BASH Programming

Bash and Conditions: A Complete Guide

In Linux, Bash scripts include conditions that can help a user to perform the decision-making tasks. Bash script conditions mainly include conditional statements and conditional operators. The conditional statements make it easier to write logic and make decisions accordingly. This statement concept is similar to all programming languages but slightly different in Bash.

There are various conditions in a Bash script, but the “if statements” are the most common ones. Many beginners always want to learn more about the Bash and conditions. This tutorial will explain how to use the Bash conditions in Linux.

Bash and Conditions: A Complete Guide

  1. If Statement
  2. Advanced If Statements
    • If-Else Statements
    • If-Elif Statements
    • Nested If Statements
  3. Case Statements
  4. Boolean Operations

Let’s look at the brief discussion about each Bash condition with some examples.

1. If Statement

If statements allow you to decide whether or not to execute the specific statement of code as per the condition. It requires the “if” keyword at the beginning and the “fi” keyword at the end of the code statement.

If the condition is true, the code performs the actions; if it is false, it aborts the code. For example, let’s create a script that returns a statement if one value is greater than the other:

if [ $1 -gt 50 ]
echo $1 "is greater than 50"

Now, if you use any number greater than 50, the script shows the following result:

./ 53

If you enter a number less than 50, it will not return any statement.

2. Advanced If Statements

The “if statement” doesn’t provide any result when it is not true. That’s why various advanced if statements come into the picture.

If-Else Statement

The if-else statement provides the result even if the statement is not true. Hence, if the value is true, it returns the condition_1; if it is false, it returns the condition_2. For example, you can create a script that gives a result about the comparison of two numbers:

if [ $1 -gt 150 ]
echo $1 "is greater than 150."
echo $1 "is not greater than 150."


Once you execute the script in the terminal, you may get the following result as per the number:

./<> 163
./<> 123

As you can see in the previous image, 163 returns “163 is greater than 150” and 123 returns “123 is not greater than 150”.

If-Elif Statement

The if-elif statement revolves around three conditions, making it one of the more complex ones. In this case, the execution goes through the commands one by one if they are true or skips when any command is false. For instance, let’s create a script that identifies whether the number is even, odd, or zero:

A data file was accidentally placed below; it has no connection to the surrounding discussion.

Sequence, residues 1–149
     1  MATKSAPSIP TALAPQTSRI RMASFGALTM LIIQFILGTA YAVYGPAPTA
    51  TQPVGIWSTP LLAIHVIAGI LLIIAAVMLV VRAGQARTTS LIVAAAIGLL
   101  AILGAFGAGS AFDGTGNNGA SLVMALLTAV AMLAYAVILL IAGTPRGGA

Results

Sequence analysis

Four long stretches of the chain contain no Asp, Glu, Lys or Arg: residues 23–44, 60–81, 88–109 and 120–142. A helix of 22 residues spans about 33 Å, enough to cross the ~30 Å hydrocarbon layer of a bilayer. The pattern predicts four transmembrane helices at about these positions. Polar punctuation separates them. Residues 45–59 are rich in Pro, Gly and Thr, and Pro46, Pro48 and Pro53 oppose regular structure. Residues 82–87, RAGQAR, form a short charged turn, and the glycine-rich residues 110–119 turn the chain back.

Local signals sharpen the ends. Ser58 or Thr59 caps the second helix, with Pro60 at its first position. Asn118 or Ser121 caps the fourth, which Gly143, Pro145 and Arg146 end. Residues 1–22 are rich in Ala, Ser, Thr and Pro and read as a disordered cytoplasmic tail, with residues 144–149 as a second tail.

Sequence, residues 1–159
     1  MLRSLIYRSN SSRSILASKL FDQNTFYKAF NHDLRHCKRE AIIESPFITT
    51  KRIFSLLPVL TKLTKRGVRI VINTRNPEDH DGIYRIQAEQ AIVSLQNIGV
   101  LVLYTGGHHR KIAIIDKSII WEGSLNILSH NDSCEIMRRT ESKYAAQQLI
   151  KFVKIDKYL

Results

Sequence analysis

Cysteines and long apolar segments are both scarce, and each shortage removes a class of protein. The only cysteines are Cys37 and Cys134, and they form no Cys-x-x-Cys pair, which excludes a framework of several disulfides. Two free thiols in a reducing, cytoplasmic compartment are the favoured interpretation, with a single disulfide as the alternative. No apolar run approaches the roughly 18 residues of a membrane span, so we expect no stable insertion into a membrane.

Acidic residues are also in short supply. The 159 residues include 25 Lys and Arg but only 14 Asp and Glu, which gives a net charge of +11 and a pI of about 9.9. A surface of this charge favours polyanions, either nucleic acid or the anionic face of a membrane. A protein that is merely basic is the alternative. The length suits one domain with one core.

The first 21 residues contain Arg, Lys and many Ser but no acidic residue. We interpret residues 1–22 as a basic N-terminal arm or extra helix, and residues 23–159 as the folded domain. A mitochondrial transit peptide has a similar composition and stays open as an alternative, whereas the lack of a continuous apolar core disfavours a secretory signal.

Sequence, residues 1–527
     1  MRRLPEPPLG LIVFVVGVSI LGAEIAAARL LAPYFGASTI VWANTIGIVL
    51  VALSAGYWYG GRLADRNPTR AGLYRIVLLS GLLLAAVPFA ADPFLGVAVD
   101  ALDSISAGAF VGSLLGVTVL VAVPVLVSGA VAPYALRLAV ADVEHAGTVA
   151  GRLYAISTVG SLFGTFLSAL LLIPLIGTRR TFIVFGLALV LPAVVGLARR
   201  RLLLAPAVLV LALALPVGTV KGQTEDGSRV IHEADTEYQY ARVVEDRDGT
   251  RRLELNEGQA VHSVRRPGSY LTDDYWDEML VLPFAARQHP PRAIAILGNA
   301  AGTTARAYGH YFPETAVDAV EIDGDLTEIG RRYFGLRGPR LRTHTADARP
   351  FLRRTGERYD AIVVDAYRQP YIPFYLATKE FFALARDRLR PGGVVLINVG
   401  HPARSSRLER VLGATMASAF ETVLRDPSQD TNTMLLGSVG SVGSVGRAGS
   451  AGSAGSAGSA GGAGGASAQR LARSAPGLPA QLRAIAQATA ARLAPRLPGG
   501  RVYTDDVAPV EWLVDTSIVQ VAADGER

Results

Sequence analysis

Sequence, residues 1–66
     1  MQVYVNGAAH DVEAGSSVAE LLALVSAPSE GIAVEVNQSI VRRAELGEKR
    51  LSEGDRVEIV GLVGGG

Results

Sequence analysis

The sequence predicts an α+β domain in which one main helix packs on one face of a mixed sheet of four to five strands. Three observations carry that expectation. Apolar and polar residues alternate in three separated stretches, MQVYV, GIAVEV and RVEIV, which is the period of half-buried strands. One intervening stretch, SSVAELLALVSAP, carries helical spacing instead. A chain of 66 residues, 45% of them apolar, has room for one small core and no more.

Now, execute the script in the terminal and enter any number to print the details accordingly:

Nested If Statements

You can add multiple “if conditions” in a single script in the nested statements. For example, you can combine two different conditions where the script can evaluate that the given number is greater than 150 and whether it is an even or odd number:

Now, if you execute the script and enter any number, you may get the result accordingly:

3. Case Statement

This Bash statement simplifies the complex conditions that contain multiple choices. You can replace the “if statements” with ;; to get the result easily. You can add multiple conditions to the case statements to make the script cleaner and easier to understand. For example, let’s create a script that provides the details about the employees and their designation:

Now, you can run the script in the terminal and enter any name:

4. Boolean Operations

Sometimes, you want to perform the “if conditions” but sometimes, multiple conditions meet in a single script. That’s why we use the Boolean operations which are classified into the following:

  • Logical AND (&&) which returns true if both operands are true or returns false otherwise.
  • Not equals to (!) which is a unary operator that returns true only if the operands are false but returns false if the operands are true.
  • Logical OR (||) which returns true if either or both operands are true, but returns false if none of them are true.

Here is the example where we include all the Boolean operators in the single Bash script:

Once you create the script, execute it in the terminal:


This article is about the Bash conditions that you can use in Linux. We used different examples to explain every condition briefly. These conditions can help you to create the Bash scripts and get the results easily. The Bash script is not limited to the conditions, as it contains many concepts. If you want to know more about the Bash concepts, please visit Linuxhint.

About the author

Prateek Jangid

A passionate Linux user for personal and professional reasons, always exploring what is new in the world of Linux and sharing with my readers.